County Commissioner David Russell slipped into cheerleader mode to justify his vote for the massive Lake Hideaway subdivision.
"This process epitomizes responsible planning,'' Russell said last month when the commission approved the project in northwestern Hernando that will include 2,400 houses, 1,300 townhouses, stores and office buildings. "The bottom line is that everyone benefits in this process.''
I don't see it that way. What I see is an example of why our highways continually become more crowded, even though every development claims to pay its own way.
A big part of the problem is the "process'' that Russell praised.
If you pay attention to planning in the state of Florida, you may remember the technical-sounding term "concurrency.'' This is supposed to guarantee that adequate services, including roads, will be available for any development. It's one of the founding principles of our growth management laws.
Except it's never that simple, as you can see in the case of Lake Hideaway.
The 6-mile stretch of State Road 50 from U.S. 19 to the Suncoast Parkway is so overburdened with traffic that it has been given an "F'' grade by the state. Yet Lake Hideaway will pour as many as 736 cars per hour into the busiest part of SR 50 and pay nothing for its improvement.
That may not be a problem for the 3.8 miles east of U.S. 19 that the state has definite plans to widen to six lanes — at a cost of $54-million.
It could be a big problem for the stretch that includes the highway's failing intersection with Mariner Boulevard, which will not be fixed for at least five years and, as road-building costs rise, maybe much longer, said the county's transportation planning coordinator, Dennis Dix.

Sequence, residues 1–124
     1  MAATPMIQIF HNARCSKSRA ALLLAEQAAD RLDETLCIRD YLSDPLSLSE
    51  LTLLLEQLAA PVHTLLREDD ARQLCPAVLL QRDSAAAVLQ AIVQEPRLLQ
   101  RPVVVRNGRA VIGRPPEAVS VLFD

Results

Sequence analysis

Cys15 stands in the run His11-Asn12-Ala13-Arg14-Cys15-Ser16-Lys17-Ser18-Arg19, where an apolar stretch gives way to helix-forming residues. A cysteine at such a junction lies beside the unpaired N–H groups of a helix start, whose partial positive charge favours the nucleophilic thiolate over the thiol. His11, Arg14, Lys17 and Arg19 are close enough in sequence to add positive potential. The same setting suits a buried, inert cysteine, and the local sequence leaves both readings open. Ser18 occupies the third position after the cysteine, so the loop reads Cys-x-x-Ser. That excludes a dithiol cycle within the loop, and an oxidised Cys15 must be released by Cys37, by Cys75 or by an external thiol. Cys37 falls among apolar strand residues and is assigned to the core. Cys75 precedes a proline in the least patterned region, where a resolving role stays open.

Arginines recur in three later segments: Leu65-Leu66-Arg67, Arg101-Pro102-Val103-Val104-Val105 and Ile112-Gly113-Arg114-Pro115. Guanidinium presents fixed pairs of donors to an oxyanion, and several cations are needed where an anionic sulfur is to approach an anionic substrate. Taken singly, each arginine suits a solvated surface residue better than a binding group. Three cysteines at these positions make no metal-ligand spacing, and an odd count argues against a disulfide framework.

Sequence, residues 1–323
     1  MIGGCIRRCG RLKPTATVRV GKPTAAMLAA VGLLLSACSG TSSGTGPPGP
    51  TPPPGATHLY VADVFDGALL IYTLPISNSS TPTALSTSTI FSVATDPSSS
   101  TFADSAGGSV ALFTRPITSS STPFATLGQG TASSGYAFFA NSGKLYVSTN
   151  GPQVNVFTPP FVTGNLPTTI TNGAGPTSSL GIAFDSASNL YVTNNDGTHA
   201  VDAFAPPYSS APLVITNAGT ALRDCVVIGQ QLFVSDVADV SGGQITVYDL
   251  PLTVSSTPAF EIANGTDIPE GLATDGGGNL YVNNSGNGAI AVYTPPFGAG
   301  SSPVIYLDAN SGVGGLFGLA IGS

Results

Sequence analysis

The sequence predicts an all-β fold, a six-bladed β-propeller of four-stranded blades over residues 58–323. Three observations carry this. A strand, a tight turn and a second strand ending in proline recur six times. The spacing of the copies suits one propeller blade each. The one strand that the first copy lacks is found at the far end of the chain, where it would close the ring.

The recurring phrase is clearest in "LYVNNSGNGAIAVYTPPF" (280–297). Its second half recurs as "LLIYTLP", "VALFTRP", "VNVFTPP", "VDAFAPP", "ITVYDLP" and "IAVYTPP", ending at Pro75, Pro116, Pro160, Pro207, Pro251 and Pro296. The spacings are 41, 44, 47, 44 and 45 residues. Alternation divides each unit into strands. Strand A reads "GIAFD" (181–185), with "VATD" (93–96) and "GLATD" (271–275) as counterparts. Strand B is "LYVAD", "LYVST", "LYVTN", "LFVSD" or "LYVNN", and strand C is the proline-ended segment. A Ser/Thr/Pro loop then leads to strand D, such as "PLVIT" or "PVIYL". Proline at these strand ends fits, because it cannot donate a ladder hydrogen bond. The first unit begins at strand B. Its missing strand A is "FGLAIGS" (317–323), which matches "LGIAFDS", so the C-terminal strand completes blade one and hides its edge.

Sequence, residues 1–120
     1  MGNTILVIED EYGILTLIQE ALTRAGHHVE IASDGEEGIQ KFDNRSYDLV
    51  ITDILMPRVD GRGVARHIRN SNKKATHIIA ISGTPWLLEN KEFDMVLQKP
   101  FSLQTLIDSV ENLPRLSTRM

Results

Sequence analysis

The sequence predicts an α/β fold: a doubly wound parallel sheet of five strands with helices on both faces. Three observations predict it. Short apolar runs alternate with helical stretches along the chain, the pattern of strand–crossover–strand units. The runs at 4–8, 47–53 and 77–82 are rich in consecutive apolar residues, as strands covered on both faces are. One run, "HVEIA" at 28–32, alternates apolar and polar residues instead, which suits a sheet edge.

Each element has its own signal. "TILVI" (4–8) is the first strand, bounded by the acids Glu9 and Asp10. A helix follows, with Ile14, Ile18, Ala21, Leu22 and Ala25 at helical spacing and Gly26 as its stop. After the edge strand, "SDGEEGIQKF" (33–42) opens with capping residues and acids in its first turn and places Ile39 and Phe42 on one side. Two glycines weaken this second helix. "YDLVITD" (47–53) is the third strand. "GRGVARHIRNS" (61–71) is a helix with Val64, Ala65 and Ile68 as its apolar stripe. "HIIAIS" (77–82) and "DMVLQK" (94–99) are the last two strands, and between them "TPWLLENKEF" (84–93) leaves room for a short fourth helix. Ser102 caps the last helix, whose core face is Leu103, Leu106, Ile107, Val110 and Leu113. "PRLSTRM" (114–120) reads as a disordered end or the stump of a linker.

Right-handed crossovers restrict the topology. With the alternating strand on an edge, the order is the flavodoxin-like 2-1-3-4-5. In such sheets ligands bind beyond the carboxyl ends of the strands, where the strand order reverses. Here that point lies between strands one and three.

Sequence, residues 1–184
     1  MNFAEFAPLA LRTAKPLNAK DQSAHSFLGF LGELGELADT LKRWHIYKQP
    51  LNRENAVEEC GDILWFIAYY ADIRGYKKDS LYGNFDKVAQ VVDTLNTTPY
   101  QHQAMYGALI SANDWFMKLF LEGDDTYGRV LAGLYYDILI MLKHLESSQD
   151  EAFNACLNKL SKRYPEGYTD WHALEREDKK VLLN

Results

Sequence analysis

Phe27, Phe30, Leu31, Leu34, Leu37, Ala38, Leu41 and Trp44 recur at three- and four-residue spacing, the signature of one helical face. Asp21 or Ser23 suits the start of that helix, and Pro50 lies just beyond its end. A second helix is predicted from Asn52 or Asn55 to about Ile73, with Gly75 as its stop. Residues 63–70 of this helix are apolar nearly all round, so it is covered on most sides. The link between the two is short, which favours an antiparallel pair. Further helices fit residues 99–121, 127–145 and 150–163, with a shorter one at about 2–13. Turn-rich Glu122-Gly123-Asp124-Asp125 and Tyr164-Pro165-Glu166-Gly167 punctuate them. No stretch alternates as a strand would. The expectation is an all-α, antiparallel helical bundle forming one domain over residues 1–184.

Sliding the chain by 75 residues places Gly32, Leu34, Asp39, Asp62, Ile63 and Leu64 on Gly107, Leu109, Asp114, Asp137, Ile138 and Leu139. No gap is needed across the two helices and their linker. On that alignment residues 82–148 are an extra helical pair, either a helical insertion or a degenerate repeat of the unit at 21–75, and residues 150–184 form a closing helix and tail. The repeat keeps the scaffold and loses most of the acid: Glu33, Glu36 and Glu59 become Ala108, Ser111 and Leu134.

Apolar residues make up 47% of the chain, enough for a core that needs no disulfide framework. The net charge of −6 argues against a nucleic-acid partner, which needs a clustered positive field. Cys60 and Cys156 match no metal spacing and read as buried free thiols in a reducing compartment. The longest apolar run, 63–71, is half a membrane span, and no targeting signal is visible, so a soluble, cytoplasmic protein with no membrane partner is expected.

It isn't that Lake Hideaway owner Tommy Bronson isn't paying for road improvements. It just that this money, $23.3-million, does nothing to ensure that SR 50 will be able to handle the traffic from his subdivision, which, with a projected population of 7,770, will be about as big as Brooksville.
Instead, these funds — almost all of which will be reimbursed to Lake Hideaway through impact fee credits — will be mostly dedicated to two roads that lead to the development. Weeping Willow Street, parts of which are already paved, and Star Road, which is lime rock, both will be improved to two-lane collector roads.
Why not SR 50? Because the concurrency law doesn't forbid, as many people think, developments that depend on inadequate roads.
The law instead requires that they pay their "proportionate share'' to fix them. It also allows this share to be shifted to other projects. So the amount Lake Hideaway would contribute to SR 50 goes to Weeping Willow and Star.
Then, last year, the Legislature changed the law to free DRIs from having to fix pre-existing problems such as the overcrowding on SR 50, said county planning director Ron Pianta.
Bronson has no developer lined up to build Lake Hideaway and, considering the current housing market, it may be years before cars from the project join the lines of traffic on SR 50.
Maybe, by then, the highway will be able to handle them. But there are no guarantees. And, despite what Russell says, no indication that the public benefits as much as Bronson.